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Novak Djokovic does U-turn and will play at the US Open tennis 2020

A man walks past a huge billboard depicting Djokovic in Belgrade, Serbia.

By Alix Ramsay

And in a shock development, Novak Djokovic has changed his mind. The world No.1 announced on Thursday that he would, indeed, be willing and able to play in the US Open and in the Western and Southern Open before it at the end of this month.

Was it only a few weeks ago that Djokovic was throwing out every hint possible that there could be no way he would submit to the USTA’s draconian Covid-19 protocols and play in New York?

Back then, he described the idea of keeping players within a tight bubble in and around the National Tennis Center for the duration of their stay as “quite extreme conditions for playing. I don’t think that is sustainable.” Then, just a week ago, it was reported that Djokovic would lead a boycott of the US Open unless the quarantine restrictions between the US and Europe were lifted for those in Flushing Meadows. Apparently, the whole of the top 20 would walk out unless they got their way.

But now, it seems, everything is well with world of tennis and Djokovic is ready to play.

“I am happy to confirm that I will participate at the Western & Southern Open and U.S. Open this year,” Djokovic said. “It was not an easy decision to make with all the obstacles and challenges on so many sides, but the prospect of competing again makes me really excited.”

Presumably the thought of not having to face either Roger Federer (injured) or Rafael Nadal (focusing on the French Open) in the second grand slam of the rejigged season had nothing to do with his decision. As he moves closer his two greatest rivals, he is two major trophies behind Nadal and three shy of Federer’s record of 20. What could be a relatively free run to the final may allow him to close that gap while the other two sit at home.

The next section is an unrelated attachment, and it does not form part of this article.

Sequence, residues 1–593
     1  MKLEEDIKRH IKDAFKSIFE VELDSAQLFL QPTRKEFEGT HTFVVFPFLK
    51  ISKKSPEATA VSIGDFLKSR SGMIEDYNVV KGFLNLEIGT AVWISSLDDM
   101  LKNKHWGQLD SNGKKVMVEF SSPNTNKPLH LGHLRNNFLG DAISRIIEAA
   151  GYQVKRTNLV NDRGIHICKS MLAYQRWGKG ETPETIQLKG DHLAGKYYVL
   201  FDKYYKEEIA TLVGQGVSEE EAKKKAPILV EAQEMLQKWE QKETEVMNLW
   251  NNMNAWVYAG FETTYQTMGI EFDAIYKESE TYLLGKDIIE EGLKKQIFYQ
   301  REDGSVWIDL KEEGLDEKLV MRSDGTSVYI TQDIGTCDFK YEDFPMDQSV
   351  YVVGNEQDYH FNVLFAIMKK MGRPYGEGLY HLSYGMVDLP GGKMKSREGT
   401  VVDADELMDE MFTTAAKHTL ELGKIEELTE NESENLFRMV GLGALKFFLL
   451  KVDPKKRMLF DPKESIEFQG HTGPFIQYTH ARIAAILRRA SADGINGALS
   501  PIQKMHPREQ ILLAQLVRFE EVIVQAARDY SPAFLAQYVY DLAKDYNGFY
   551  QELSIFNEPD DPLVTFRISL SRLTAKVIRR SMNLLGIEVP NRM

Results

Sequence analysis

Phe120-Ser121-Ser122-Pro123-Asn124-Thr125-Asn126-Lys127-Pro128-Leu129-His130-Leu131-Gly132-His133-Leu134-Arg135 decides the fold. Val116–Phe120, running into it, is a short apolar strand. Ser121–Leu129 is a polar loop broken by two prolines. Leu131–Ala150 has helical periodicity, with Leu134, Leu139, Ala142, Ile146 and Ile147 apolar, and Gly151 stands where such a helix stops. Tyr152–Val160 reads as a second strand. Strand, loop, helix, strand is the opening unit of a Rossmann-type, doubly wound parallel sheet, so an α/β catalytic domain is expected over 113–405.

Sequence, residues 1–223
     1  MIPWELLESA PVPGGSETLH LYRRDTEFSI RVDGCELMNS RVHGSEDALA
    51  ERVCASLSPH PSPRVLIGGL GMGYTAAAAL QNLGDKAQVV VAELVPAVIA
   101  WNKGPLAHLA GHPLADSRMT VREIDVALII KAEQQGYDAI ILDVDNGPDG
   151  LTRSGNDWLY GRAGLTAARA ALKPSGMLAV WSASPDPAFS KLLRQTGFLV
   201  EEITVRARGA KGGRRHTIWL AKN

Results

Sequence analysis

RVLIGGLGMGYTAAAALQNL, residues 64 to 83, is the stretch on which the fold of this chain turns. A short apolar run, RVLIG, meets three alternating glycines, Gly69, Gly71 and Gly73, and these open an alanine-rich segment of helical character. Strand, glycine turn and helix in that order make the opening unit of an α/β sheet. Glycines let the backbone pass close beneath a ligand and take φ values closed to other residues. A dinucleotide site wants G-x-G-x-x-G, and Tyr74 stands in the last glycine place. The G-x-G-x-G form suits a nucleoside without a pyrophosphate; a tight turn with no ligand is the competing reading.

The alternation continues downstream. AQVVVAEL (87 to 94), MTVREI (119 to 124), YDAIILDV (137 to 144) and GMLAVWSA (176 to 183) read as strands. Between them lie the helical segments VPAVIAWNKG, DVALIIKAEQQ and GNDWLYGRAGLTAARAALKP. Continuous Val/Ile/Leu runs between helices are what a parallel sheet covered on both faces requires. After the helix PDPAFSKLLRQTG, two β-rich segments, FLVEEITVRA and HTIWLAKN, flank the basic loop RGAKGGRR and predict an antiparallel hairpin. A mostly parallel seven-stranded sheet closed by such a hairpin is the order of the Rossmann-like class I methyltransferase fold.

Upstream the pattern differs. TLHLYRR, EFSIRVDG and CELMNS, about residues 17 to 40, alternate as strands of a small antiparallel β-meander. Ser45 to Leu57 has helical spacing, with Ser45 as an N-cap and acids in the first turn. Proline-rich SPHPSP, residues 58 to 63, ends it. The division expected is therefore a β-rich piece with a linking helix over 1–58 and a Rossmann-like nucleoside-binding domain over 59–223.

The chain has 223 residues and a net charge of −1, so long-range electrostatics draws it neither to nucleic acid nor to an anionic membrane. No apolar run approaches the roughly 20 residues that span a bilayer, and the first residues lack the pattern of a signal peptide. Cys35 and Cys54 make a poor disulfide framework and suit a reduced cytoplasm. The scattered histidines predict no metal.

Djokovic released a statement on 23 June 2020 that he tested positiv for Covid-19.

Having contracted Covid-19 during his ill-fated Adria Tour of the Balkans, Djokovic has now been declared free of the bug by the medics. He has been training in Marbella in Spain and feels that now he is ready to resume his regular day job of winning titles.

“I have trained hard with my team and got my body in shape so I am ready to adapt to new conditions,” he said. “I have done all the check-ups to make sure I am fully recovered and I am ready to get back on court fully committed to playing my best tennis.

“I am aware that this time around it will be very different with all the protocols and safety measures that are put in place to protect players and the people of New York. I appreciate everyone taking time, effort and energy to organise these two events for the tennis players to go back to their working field.”

For players as successful and wealthy as Djokovic, there are ways around being stuck in an airport hotel next to La Guardia for up to four weeks. They can, if they wish, rent private homes which would allow them to bring more people with them for the duration. That would, at least, relieve the boredom. However, only the player and two others will be allowed on site and only one of those others will be allowed on court, in the locker room or in the dining areas.

But if they do take the five-star option, the player must hire private 24-hour security and transportation to keep tabs on them while they lounge in their multi-bedroomed pad. And they must hire those services through the USTA. Given that a deeply average town house in Queens will set you back around £450 a night while a nicer place with more space on Long Island goes for about £1000 a night – and that is before the cost of the guards and driver – that is a huge bite out of any winner’s cheque.

Djokovic the world number 1 is worth around £165million.

Djokovic, though, can afford it – he is worth around £165million at a conservative estimate – so six figures spent on keeping himself sane and comfortable seems a small price to pay for that 18th grand slam title. No wonder he changed his mind.